What's the issue?
Base erosion and profit shifting (BEPS) is a long phrase for a succinct tax problem: multinational enterprises exploit gaps and mismatches in the international tax rules to artificially shift profits to low or no tax jurisdictions, and avoid paying their fair share of tax. Examples involving famous brands have filled the headlines in recent years, spurring public and political outrage. But these tax avoidance strategies were in most cases legal, and largely overlooked until the OECD/G20 BEPS Project. Multinationals were taking advantage of tax rules that were not well co-ordinated across countries and which had not been updated for a global and digitalised economy.
However, BEPS is bad for everyone: governments, citizens and business alike. Governments lose much needed funds: conservatively estimated at around 4-10% of global corporate income tax revenues, or USD 100-240 billion annually; money that could be spent on education, health care, infrastructure, pensions. Citizens lose out either by having to foot the bill through higher taxes for services that would otherwise have been funded by corporate income tax revenues, or going without those services. Purely domestic businesses have a hard time competing with multinational enterprises that can lower their tax bills by shifting profits offshore.
How are we addressing it?
The OECD/G20 BEPS Project was born in the wake of the global financial crisis, shrinking public budgets and growing public outcry over BEPS. In 2015, OECD and G20 countries – along with other stakeholders – created a package of 15 actions and related solutions to tackle BEPS. Since then, the work has continued and the number of countries involved has grown, with over 125 jurisdictions today working together on an equal footing in the Inclusive Framework on BEPS. They are now tackling the tax challenges of the digitalisation of the economy and expect to deliver a solution by the end of 2020.
Key areas of action to tackle BEPS include:
- Stopping the inappropriate transfer of profits between multinationals’ subsidiaries in different countries[video]
- Helping countries to collect VAT more effectively in today’s digital world [video]
- Providing a template for multinationals to report, country by country, where their profits, sales, employees and assets are located, and where they pay tax [video]
- Eliminating treaty shopping between jurisdictions [video]
- Facilitating swift implementation of the BEPS measures through a new multilateral instrument [video]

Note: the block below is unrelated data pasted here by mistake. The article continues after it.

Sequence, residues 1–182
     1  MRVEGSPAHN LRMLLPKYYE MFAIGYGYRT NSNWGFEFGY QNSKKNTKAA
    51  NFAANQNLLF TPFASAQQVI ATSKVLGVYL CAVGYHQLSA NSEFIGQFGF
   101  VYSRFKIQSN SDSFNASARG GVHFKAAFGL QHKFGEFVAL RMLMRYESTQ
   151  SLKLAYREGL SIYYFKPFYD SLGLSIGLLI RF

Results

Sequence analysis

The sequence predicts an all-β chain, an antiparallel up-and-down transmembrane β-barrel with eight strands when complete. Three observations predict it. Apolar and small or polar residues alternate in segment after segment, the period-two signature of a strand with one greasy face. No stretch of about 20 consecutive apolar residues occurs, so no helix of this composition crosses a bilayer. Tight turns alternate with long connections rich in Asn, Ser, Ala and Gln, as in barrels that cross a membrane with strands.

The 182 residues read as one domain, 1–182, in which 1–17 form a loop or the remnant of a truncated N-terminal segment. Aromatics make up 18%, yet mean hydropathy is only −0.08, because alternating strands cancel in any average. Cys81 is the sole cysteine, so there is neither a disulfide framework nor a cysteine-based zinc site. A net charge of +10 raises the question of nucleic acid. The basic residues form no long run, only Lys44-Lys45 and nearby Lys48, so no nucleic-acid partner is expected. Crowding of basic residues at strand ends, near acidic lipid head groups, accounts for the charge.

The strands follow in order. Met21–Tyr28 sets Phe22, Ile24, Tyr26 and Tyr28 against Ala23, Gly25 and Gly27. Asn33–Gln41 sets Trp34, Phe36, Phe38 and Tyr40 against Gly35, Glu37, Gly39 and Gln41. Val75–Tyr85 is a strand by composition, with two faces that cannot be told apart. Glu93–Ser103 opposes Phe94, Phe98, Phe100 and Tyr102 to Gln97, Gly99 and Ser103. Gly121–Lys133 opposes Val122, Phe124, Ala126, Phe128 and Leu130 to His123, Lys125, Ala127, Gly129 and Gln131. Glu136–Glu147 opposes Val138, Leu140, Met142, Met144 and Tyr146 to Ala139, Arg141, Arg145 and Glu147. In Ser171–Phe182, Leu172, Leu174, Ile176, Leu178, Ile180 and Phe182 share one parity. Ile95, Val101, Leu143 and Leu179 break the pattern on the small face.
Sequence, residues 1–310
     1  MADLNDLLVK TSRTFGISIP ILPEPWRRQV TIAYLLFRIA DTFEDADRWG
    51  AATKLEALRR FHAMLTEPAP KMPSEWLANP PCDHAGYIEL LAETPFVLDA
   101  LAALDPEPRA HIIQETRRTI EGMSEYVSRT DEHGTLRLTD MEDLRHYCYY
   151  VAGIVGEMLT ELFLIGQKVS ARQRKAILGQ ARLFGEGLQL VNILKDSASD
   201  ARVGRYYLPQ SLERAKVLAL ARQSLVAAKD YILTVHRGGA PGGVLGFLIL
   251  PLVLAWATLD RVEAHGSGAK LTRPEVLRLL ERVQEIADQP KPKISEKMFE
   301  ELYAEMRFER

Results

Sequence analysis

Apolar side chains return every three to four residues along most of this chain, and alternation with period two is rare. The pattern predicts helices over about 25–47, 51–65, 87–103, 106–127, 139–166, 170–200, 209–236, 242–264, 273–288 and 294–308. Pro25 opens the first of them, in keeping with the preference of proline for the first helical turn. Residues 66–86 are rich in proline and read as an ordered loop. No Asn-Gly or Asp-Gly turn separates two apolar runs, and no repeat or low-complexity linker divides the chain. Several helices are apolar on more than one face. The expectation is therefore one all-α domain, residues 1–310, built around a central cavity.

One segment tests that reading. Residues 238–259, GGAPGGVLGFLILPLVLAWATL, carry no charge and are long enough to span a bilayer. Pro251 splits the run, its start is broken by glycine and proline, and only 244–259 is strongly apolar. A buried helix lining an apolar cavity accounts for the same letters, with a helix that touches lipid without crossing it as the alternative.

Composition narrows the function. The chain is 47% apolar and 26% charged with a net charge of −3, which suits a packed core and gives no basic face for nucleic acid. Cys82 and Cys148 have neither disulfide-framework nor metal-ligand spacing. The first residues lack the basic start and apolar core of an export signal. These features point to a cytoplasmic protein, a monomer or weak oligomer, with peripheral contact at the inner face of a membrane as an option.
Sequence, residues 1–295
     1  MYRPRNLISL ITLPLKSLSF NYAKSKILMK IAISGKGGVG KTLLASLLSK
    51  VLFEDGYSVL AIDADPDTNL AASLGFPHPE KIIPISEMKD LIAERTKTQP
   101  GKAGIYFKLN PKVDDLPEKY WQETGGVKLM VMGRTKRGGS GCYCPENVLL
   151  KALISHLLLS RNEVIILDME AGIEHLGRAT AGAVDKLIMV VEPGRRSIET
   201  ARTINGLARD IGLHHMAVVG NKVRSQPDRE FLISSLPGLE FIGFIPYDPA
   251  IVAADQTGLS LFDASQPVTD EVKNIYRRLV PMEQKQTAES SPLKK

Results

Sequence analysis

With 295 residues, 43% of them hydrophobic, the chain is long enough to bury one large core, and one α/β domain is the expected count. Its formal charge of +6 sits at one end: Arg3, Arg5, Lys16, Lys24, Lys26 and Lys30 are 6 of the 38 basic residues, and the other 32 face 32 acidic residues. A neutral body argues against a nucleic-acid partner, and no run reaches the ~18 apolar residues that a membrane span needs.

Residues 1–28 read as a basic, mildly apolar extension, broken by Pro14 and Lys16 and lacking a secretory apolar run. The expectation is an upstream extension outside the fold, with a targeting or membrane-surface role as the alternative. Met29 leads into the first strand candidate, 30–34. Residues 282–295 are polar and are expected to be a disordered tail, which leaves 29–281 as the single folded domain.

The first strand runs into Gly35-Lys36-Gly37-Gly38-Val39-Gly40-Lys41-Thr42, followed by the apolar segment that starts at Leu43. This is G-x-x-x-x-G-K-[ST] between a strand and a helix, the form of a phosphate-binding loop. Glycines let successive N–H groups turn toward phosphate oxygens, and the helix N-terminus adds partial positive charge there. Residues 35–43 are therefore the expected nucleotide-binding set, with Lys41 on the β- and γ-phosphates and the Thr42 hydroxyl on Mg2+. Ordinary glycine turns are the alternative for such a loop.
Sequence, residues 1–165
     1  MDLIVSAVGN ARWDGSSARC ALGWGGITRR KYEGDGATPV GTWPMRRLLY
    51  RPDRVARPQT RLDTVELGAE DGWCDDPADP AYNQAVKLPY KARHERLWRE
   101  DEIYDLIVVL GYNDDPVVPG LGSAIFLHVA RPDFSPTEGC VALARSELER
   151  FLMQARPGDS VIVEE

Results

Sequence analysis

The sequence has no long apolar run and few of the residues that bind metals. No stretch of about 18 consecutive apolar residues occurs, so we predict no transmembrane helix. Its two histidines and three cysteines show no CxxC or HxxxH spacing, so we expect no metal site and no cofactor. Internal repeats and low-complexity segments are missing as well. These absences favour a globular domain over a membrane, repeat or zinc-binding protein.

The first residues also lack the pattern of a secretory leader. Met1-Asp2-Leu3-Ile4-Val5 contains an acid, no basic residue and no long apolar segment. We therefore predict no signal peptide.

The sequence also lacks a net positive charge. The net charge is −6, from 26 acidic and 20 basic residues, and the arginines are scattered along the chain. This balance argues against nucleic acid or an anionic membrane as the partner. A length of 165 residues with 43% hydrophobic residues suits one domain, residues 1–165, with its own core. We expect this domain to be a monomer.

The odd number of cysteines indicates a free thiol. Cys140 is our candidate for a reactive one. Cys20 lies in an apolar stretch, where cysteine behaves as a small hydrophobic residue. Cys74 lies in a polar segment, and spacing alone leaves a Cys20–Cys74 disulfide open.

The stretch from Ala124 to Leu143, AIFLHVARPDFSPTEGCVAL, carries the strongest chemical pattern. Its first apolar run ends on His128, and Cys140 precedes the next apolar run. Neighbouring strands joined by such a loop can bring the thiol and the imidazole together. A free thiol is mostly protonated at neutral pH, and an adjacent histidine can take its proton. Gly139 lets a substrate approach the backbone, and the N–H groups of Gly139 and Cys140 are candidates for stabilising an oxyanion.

The OECD’s base erosion and profit shifting (BEPS) project has made unprecedented progress in tackling all such practices of transferring activities for tax purposes.Emmanuel Macron President of France
What's the impact?
The OECD/G20 BEPS Project is the most ambitious multilateral international tax policy initiative ever undertaken. Ensuring fairness, coherence, transparency and that taxation is aligned with where economic activity takes place, in the vastly complex space of international tax provisions covering virtually all of the world’s economic activity requires enormous effort and commitment.
Significant milestones have been reached, leading to an important shift in practices both by policy makers and multinational corporations.
More than 125 countries and jurisdictions are taking part on an equal footing in the Inclusive Framework on BEPS, and 85+ countries and jurisdictions have signed the Multilateral Convention to Implement Tax-Treaty Related Measures to Prevent BEPS. The Convention saves governments time by eliminating burdensome one-on-one negotiations, which take years to finalise, and helps countries to effectively implement the recommendations of the BEPS Project, closing loopholes in thousands more tax treaties.
Information is increasingly being exchanged on a regular basis across borders. More than 2 000 bilateral relationships are already in place for Country-by-Country reporting which has resulted in tax administrations worldwide collecting and sharing detailed information on all large MNEs doing business in their country. Exchanges of information on 21 000+ previously secret tax rulings have also taken place, ensuring greater transparency of the arrangements between tax administrations and taxpayers.
Harmful preferential tax regimes have also been addressed, with legislative changes made to amend/abolish 110+ of these regimes, representing a major step forward in tackling artificial profit shifting.